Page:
When people read obscure novels, when they listen to over-complex music or look at a frighteningly unintelligible painting, they feel anxious and unhappy. The thoughts and feelings of the novel’s characters, the sounds of the symphony, the colours of the painting—everything seems peculiar and difficult, as if from some other world. Almost ashamed of being natural and straightforward, people read, look and listen without joy, without any real emotion. Contrived art is a barrier placed between man and the world—impenetrable and oppressive, like a cast-iron grille.

But there are also books that make the reader exclaim joyfully, ‘Yes, that’s just what I feel. I’ve gone through that too and that’s what I thought myself.’

Art of this kind does not separate people from the world. Art like this connects people to life, to other people and to the world as a whole. It does not scrutinize life through strangely tinted spectacles.

As they read this kind of book, people feel that they are being infused with life, that the vastness and complexity of human existence is entering into their blood, into the way they think and breathe.

But this simplicity, this supreme simplicity of clear daylight, is born from the complexity of light of different wavelengths.

In this clear, calm and deep simplicity lies the truth of genuine art. Such art is like the water of a spring; if you look down, you can see to the bottom of a deep pool. You can see green weeds and pebbles. Yet the pool is also a mirror; in it you can see the entire world where you live, labour and struggle. Art combines the transparency of glass and the power of a perfect astronomical mirror.

All this applies not only to art; it is equally true of science and politics.

And the strategy of a people’s war, a war for life and freedom, is no different.

This is the entire text of Chapter 2 of Part Two of Stalingrad by Vasily Grossman, translated by Robert Chandler and Elizabeth Chandler, New York Review Books, 2019. ISBN 9781681373270, 1088 pages, $27.95

grossman.1_1024x1024Just like War and Peace, with which Grossman’s two-part account of the Battle of Stalingrad in 1942 is constantly compared, the author takes time every now and then to step back and in asides addressed directly at the reader, reflect on life, history and politics.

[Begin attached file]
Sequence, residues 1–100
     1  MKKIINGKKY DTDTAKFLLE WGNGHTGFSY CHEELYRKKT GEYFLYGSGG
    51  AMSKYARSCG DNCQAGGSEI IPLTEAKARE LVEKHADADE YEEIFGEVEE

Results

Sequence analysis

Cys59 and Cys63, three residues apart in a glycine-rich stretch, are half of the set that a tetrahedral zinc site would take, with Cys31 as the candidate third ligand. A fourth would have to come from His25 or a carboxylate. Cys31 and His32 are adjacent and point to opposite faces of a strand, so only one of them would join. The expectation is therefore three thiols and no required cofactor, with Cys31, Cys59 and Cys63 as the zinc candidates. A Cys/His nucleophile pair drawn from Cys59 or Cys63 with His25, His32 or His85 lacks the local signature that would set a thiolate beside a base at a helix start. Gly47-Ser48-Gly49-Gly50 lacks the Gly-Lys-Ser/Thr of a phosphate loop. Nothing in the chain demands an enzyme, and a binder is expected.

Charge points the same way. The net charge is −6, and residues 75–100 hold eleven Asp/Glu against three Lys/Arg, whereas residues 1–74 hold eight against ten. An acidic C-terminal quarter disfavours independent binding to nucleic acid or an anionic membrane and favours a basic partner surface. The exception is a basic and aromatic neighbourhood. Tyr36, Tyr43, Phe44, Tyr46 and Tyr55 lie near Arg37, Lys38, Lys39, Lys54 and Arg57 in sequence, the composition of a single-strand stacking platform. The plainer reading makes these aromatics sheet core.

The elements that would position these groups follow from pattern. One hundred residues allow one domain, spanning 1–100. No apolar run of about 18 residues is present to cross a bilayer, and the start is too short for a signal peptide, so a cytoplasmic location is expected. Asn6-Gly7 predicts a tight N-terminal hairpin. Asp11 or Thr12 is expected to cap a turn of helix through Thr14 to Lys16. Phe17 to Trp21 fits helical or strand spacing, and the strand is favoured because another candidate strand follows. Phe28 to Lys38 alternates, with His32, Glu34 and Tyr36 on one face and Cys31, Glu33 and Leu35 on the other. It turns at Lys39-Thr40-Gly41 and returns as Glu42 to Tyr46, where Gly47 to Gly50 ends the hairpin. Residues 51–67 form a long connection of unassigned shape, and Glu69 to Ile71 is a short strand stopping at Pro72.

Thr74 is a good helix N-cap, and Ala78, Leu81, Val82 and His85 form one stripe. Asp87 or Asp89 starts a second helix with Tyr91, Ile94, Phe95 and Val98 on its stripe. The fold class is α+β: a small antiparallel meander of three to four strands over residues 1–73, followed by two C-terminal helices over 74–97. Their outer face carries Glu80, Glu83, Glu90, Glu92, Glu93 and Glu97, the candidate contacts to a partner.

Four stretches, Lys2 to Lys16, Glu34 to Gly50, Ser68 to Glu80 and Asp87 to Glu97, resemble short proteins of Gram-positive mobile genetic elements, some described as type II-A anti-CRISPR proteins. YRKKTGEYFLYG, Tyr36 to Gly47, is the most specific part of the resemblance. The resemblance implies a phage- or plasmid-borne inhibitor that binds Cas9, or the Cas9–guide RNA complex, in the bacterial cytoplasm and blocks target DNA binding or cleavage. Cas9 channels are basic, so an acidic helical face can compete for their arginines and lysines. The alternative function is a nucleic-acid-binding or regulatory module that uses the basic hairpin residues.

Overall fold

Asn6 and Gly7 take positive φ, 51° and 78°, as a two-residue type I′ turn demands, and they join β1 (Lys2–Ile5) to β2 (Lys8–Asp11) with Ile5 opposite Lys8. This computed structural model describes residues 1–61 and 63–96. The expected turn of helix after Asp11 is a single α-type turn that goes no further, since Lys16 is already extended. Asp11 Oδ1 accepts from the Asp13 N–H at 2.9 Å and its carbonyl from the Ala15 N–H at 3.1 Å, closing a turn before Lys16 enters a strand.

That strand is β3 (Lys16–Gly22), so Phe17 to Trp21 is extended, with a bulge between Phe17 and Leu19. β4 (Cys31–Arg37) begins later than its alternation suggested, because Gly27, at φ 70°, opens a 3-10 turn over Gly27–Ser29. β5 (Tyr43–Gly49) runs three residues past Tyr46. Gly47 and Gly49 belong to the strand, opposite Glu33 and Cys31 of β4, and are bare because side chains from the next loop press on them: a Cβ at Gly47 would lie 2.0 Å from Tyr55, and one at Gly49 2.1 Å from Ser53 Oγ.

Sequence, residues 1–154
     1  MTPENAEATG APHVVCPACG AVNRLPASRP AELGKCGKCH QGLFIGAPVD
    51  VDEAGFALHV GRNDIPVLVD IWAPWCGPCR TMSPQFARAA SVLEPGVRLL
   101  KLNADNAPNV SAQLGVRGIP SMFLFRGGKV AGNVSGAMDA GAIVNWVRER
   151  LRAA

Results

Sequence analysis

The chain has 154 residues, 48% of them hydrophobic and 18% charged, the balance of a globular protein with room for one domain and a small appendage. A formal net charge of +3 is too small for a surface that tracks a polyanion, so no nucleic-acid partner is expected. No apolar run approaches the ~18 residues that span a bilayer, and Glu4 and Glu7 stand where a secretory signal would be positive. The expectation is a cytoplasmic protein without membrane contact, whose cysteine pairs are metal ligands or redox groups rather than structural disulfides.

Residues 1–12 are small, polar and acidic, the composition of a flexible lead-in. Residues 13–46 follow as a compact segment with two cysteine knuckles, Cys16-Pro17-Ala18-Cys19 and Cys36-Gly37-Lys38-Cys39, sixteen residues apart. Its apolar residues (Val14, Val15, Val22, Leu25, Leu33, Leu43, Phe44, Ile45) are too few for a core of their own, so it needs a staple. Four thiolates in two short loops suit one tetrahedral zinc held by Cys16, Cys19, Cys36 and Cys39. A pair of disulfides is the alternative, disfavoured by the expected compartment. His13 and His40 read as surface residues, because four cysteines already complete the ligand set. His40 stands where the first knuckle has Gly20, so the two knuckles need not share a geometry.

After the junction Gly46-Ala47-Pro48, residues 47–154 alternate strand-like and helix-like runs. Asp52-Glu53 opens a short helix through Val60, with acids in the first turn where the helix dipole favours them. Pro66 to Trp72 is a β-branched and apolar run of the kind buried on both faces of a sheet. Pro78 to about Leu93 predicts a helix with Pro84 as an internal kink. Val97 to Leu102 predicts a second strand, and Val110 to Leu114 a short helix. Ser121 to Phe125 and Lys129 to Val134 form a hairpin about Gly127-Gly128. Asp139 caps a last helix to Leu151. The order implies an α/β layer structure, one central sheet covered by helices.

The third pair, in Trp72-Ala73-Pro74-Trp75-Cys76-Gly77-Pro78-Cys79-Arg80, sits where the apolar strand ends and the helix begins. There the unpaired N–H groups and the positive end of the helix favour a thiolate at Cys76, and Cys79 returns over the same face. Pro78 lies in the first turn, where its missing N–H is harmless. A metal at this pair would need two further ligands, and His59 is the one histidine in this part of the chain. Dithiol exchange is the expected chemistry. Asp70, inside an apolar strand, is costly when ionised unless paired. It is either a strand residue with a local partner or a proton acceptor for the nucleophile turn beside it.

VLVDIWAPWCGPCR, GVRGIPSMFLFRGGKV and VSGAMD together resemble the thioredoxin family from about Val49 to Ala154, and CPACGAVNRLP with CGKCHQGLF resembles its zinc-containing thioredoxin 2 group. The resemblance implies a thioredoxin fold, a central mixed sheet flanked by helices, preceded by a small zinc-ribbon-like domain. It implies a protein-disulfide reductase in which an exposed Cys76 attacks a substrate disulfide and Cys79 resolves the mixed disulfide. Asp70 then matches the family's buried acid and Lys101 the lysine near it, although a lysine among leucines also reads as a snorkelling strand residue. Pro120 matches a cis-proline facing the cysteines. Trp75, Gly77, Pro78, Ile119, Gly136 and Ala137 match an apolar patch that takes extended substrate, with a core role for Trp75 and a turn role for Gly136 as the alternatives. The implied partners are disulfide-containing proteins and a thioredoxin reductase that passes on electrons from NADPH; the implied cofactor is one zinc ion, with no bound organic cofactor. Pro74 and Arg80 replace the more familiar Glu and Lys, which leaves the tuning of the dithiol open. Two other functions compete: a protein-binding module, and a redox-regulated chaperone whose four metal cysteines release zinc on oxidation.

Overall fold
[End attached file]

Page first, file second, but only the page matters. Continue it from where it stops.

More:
That reference to politics in the second last line of the chapter may strike us as odd given today’s disenchantment with politics and politicians. But bear in mind Grossman was writing at a time when it was still possible to feel idealistic, and on the other hand at a time when criticizing the regime was a maladaptive strategy. However, compare and contrast this passage from a little later in the book (Chapter 30): “The twentieth century is a critical and dangerous time for humanity. It is time for intelligent people to renounce, once and for all, the thoughtless and sentimental habit of admiring a criminal if the scope of his criminality is vast enough, of admiring an arsonist if he sets fire not to a village hut but to capital cities, of tolerating a demagogue if he deceives not just an uneducated lad from a village but entire nations, of pardoning a murderer because he has killed not one individual but millions.”

As I wrote in my recent post, Gormenghast, “Stalingrad is the prequel to Life and Fate. Unlike that second installment, it was in fact published in Russia in Grossman’s lifetime, in 1952, though it was heavily censored and appeared under a different title (For a Just Cause). The wonderfully readable translation of this volume is also by Robert Chandler, joined on this occasion by his wife, Elizabeth Chandler. He can be heard discussing Life and Fate and other parts of Grossman’s work at my earlier post on Grossman.”

This new publication, the first translation into English, restores parts of Grossman’s manuscript which were censored or omitted from previous editions.